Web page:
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gizmola

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  1. gizmola's post in No data supplied for parameters in prepared statement was marked as the answer   
    Obviously if you don't have all the data required for the insert, you are going to get an error. One issue that you have made for yourself unnecessarily is:
     
    $user_id=""; $date_created = date( 'Y-m-d H:i:s' ); $date_edited =""; So i'm going to assume that you have an auto_increment for user_id, and date_edited can be null, and since this is a new row you want that to be NULL on insert.

    In this case, you should not be passing values for these. MySQL figures out how to auto_increment, and it makes no sense to pass a NULL date string for a date parameter that you will never set in this context.


    Change the insert so that those are not included:
     
    $stmt = $connection->prepare("INSERT INTO users values(?,?,?,?,?,?)"); $stmt->bind_param("s,s,s,s,s,s", $firstname, $lastname, $username, $hashed_password, $date_created, $status_id);
  2. gizmola's post in Call variable from another function in class was marked as the answer   
    When you define your class, just have properties that store the values you need to ingest from the constructor. Typically you want these properties to be private or protected, so scope them accordingly.
     
     
     

    class Client { private $currentAccount = 0; private $numberOfAccounts = 0; public function __construct($start = []) { //code $this->currentAccount = $currentAccount; //more code $this->numberOfAccounts = $numberOfAccounts; } } It looks like you would benefit from a quick read through the PHP manual section that covers classes and OOP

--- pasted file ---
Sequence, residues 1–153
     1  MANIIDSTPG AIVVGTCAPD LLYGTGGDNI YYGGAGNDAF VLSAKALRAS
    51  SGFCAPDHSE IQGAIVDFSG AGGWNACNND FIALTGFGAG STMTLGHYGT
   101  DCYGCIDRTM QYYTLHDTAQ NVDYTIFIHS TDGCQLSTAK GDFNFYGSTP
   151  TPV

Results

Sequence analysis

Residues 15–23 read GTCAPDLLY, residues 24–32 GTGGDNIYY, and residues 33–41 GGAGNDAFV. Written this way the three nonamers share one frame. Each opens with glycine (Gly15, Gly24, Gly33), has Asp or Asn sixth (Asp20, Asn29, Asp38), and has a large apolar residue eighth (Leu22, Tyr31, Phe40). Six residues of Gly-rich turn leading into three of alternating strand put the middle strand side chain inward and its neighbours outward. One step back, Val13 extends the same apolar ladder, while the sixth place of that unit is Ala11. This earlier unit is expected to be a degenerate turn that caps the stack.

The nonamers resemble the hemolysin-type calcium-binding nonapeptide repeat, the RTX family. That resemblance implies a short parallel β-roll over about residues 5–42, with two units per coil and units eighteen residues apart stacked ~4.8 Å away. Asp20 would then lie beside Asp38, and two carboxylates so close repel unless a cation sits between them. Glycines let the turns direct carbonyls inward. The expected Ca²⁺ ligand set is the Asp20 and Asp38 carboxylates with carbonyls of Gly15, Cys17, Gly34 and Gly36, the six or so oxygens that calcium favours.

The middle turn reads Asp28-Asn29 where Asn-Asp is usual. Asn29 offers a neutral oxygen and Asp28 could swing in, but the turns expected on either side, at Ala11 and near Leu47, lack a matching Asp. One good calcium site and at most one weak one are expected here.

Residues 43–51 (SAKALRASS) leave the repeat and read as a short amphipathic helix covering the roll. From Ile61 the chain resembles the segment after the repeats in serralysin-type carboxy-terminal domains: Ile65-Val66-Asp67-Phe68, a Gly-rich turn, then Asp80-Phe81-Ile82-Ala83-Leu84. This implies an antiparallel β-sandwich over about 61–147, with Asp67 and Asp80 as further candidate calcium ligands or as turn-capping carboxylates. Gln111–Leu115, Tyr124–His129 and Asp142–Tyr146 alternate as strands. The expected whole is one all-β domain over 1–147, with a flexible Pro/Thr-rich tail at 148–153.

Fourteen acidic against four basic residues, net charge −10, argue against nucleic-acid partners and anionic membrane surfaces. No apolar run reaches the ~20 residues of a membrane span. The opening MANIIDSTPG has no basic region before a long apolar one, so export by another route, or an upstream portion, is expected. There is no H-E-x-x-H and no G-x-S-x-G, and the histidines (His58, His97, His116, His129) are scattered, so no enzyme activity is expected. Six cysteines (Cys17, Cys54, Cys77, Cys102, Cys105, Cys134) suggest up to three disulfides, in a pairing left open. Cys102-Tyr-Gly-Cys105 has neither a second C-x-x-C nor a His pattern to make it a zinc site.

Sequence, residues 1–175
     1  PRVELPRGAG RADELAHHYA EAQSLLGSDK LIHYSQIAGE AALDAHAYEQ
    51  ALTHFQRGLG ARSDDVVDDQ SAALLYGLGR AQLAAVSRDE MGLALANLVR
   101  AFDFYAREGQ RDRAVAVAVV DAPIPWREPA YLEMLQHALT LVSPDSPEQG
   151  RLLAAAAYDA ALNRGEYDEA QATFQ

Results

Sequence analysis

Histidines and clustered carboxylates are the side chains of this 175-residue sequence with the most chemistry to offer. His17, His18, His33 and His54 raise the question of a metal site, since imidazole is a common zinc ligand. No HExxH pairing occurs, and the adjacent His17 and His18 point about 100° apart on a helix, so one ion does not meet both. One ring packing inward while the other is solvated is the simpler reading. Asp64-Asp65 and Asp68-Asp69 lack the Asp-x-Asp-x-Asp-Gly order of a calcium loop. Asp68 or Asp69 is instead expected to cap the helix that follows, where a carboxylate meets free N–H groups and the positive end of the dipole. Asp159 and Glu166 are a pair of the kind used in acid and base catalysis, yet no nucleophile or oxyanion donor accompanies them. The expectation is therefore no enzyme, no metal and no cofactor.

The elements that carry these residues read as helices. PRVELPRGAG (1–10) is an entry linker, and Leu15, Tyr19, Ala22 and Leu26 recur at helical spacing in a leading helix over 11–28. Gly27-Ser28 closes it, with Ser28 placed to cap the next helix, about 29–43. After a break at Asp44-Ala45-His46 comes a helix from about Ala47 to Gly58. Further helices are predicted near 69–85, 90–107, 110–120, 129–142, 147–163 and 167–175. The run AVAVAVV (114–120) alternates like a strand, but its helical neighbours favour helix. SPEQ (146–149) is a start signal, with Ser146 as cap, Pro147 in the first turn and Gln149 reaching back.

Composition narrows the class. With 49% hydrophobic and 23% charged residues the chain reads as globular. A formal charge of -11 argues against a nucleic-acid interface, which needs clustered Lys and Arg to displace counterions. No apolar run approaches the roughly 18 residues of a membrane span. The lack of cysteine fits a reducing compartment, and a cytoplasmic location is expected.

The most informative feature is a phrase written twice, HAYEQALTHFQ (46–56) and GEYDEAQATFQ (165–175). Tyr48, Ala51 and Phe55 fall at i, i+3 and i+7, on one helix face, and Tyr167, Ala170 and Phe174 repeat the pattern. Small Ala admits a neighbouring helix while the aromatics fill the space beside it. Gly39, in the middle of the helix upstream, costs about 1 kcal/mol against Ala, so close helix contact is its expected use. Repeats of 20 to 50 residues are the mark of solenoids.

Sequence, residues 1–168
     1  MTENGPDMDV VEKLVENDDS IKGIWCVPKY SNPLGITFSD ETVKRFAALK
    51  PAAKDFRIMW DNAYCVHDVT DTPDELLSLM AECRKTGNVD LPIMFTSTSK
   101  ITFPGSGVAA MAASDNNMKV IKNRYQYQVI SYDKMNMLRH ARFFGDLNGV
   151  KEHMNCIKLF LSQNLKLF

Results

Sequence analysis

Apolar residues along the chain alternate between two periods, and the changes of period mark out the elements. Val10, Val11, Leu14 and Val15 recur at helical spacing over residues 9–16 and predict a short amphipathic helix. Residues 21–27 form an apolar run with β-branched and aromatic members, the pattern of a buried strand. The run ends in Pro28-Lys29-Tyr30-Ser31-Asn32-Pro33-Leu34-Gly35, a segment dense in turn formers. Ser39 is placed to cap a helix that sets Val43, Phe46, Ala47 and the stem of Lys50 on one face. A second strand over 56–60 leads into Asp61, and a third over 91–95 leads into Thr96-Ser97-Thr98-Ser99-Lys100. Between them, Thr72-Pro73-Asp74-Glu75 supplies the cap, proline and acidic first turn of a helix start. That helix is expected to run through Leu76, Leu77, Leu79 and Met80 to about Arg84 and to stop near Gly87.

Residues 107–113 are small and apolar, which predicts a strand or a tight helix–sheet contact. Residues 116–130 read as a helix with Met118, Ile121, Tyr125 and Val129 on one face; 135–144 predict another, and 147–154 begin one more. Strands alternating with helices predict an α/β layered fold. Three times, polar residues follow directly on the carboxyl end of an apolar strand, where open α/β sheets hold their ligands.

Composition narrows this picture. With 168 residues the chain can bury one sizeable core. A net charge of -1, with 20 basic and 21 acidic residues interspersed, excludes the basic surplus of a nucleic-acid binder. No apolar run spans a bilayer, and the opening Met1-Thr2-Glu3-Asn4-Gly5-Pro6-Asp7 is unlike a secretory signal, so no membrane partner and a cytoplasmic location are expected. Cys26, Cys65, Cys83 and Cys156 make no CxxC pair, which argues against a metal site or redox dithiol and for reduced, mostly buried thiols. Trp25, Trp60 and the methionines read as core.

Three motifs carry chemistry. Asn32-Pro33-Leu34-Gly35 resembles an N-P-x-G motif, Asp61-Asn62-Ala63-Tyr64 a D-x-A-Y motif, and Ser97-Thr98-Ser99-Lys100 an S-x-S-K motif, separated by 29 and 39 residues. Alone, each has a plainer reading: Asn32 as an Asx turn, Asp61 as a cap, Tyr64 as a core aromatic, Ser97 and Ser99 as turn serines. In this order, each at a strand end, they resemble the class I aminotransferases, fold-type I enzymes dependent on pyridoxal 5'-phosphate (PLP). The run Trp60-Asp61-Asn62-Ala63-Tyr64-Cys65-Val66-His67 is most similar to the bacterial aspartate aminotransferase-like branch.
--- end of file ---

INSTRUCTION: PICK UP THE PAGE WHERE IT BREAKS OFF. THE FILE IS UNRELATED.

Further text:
3. gizmola's post in Importing an .xlsx file to a MySQL Database by using phpMyAdmin was marked as the answer   
    You can certainly convert it from Excel to csv easily enough, but you need csv to import, so if you can have that instead it saves you some complications.  The important thing with csv is that your string columns need to be surrounded by double quotes so that commas inside a string don't confuse the parsing. This also necessitates that if you have double quotes in the string, the double quotes have to be doubled in order to escape them.
     
    Excel export to csv should do this for you, so ultimately it's up to you if the excel has value outside of the import, or if getting a .csv version is more trouble than it's worth.
  4. gizmola's post in Always Incorrect Credentials when logging in was marked as the answer   
    I'm afraid you need to actual read/debug/trace the login code in order to understand why it works with the original table and not yours, but at least you have pinpointed a logical place to start.
  5. gizmola's post in set partial text color via javascript was marked as the answer   
    You can't just randomly color a piece of text. What you can do however, is put a span around that section, and style the span.
  6. gizmola's post in Real time order confirmation was marked as the answer   
    There aren't any generic examples out there to look at.  The closest thing I could suggest to you would be to look at the php ecommerce projects like Magento, Opencart and WooCommerce (for Wordpress) and even perhaps the API documentation for Shopify.
     
    It depends 100% on a companies specific payment processing & fulfillment systems.  
     
    In the US, there is consumer law that regulates things like this, in terms of consumer goods and when you are actually allowed to charge someone for a product, but even if we ignore that, the simple fact is that companies often have fulfillment and accounting systems that need to be integrated with, or there is no reason for a system to wait.  What is it waiting for?
     
    -Was there inventory available, and could that inventory be reserved?
    -Did the payment go through
    -Alert the fulfillment system that the order was successful, so that the order can be fulfilled
     
    In other words, there is no generic solution to the problem anyone can point you to.  
  7. gizmola's post in Building a CMS was marked as the answer   
    There is no magic to it, it's javascript/ajax.
     
    With that said, in the last few years, javascript frameworks have developed a tremendous amount of momentum.  Essentially this moves a lot of the code from the backend into a client javascript application.  Typically the backend becomes an api providing access to data via REST or SOAP.  I don't see a lot of people using SOAP anymore.